Wednesday, December 1, 2010

Centralia, Pennsylvania Mine Fire

After hearing about Centralia and doing a little research I had to see it for myself.... This is what a saw.

Here's a little background on Centralia
The ruins of Centralia Pennsylvania no longer exists on some maps. The story began sometime in 1962 along the outskirts of town when trash was burned in the pit of an abandoned strip mine, which connected to a coal vein running near the surface. The burning trash caught the exposed vein of coal on fire. The fire was thought to be extinguished but it apparently wasn't when it erupted in the pit a few days later. Again the fire was doused with water for hours and thought to be out. But it wasn't. The coal then began to burn underground. That was in 1962. For the next two decades, workers battled the fire, flushing the mines with water and fly ash, excavated the burning material and dug trenches, backfilled, drilling again and again in an attempt to find the boundaries of the fire and plan to put the fire out or at least contain it.

All efforts failed to do either as government officials delayed to take any real action to save the village. By the early 1980s the fire had affected approximately 200 acres and homes had to be abandoned as carbon monoxide levels reached life threatening levels. An engineering study concluded in 1983 that the fire could burn for another century or even more and "could conceivably spread over an area of approximately 3,700 acres."

As time passed, each feeble attempt to do anything to stop the fire or help the residents of Centralia would cost more and more due to the fires progression. Over 47 years and 40 million dollars later the fire still burns through old coal mines and veins under the town and the surrounding hillsides on several fronts. The fire, smoke, fumes and toxic gases that came up through the back yards, basements and streets of Centralia literally ripped the town apart. Most of the homes were condemned and residents were relocated over the years with grants from the federal Government although some die-hards refused to be bought out and some still remain in the town. Today Centralia is a virtual ghost town with only a few remaining residents. As they continue to live in their beloved homes now owned by the federal government, people pass every day along Route 61, most totally unaware of the history surrounding them and the sad story of Centralia.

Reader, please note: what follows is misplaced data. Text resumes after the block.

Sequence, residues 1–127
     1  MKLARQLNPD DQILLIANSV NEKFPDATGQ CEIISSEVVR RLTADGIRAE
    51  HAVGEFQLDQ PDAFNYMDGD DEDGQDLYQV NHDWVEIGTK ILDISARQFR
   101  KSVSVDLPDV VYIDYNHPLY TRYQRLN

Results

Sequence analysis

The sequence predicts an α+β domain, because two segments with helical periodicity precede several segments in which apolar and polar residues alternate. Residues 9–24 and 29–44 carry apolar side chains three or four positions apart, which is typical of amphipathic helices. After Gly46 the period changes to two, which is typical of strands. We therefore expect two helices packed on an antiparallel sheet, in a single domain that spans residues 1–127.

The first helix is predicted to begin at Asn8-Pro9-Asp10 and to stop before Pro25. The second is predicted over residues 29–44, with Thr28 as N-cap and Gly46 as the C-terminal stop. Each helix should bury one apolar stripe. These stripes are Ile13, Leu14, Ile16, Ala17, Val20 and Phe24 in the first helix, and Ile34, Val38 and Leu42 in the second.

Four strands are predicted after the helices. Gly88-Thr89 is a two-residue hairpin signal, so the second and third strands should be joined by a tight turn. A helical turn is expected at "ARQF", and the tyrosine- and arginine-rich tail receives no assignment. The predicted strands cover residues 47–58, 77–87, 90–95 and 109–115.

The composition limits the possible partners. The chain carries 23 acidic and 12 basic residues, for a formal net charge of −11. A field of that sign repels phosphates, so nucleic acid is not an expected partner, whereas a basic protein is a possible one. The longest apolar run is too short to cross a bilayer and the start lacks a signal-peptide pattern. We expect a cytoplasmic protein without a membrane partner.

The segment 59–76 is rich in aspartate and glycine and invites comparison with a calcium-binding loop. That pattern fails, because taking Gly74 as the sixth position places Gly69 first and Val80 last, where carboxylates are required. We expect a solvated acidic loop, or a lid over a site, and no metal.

I pulled this history of Centralia, PA off of . A great website for information about the strangest of places in the U.S.


What does a photographer do with his time off?

Well that's easy to answer... He takes his new waterproof camera and heads down to the west coast of Costa Rica to catch some surf for a week. Being a photographer and surfer I needed to buy myself a nice waterproof camera I could take out into the water with me so I could share the amazing views I see. After much back and forth at J&R Electronics in New York, I decided to go with the better option out of the bunch, the Panasonic Lumix DMC-TS 14.1 Megapixel camera. It boasts a Leica lens, shoots video and is waterproof up to 33 feet which was over twice as much as the others on the shelf. It has a quick start up time and a shortest shutter delay, big pluses when a professional photographer is shopping for a point and shoot. Of course it doesn't match the quality of the Canon 5D Mark II that I'm used to but it's perfect for my needs.

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I wonder if there is such a thing as Photographers Luck? If there is, then I must have it! The couples and venues I've photographed this year has been to say the least, extraordinary. Brooke & Arvie picked the perfect scene for their 10/10/10 wedding, The Old Mill in Westminster, MA.

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What a beautiful venue and what a beautiful couple! I'll let these images speak for themselves!

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Miller Motor Sports Park 2010

Above is a shot of me in my photo vest and my 400mm taken by my photographer friend Viktor Vondracek.

Above is an image of good friend and one time super stock rookie of the year Bill Gillis getting down on his Aprilla 125.

After Bonneville we headed over to Miller Motor Sports park for some more motorcycle fun. After a few days on the flats racing his stream liner down the line Scott hit the race track winning another race in his class.

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